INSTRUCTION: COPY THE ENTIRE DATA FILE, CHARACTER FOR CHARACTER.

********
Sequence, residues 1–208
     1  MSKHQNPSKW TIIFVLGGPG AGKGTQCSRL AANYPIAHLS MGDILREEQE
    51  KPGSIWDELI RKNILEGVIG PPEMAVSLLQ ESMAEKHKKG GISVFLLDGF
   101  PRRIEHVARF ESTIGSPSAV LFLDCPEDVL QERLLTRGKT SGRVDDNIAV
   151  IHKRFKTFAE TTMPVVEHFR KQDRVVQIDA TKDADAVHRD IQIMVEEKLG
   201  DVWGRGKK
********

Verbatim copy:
Sequence, residues 1–208
     1  MSKHQNPSKW TIIFVLGGPG AGKGTQCSRL AANYPIAHLS MGDILREEQE
    51  KPGSIWDELI RKNILEGVIG PPEMAVSLLQ ESMAEKHKKG GISVFLLDGF
   101  PRRIEHVARF ESTIGSPSAV LFLDCPEDVL QERLLTRGKT SGRVDDNIAV
   151  IHKRFKTFAE TTMPVVEHFR KQDRVVQIDA TKDADAVHRD IQIMVEEKLG
   201  DVWGRGKK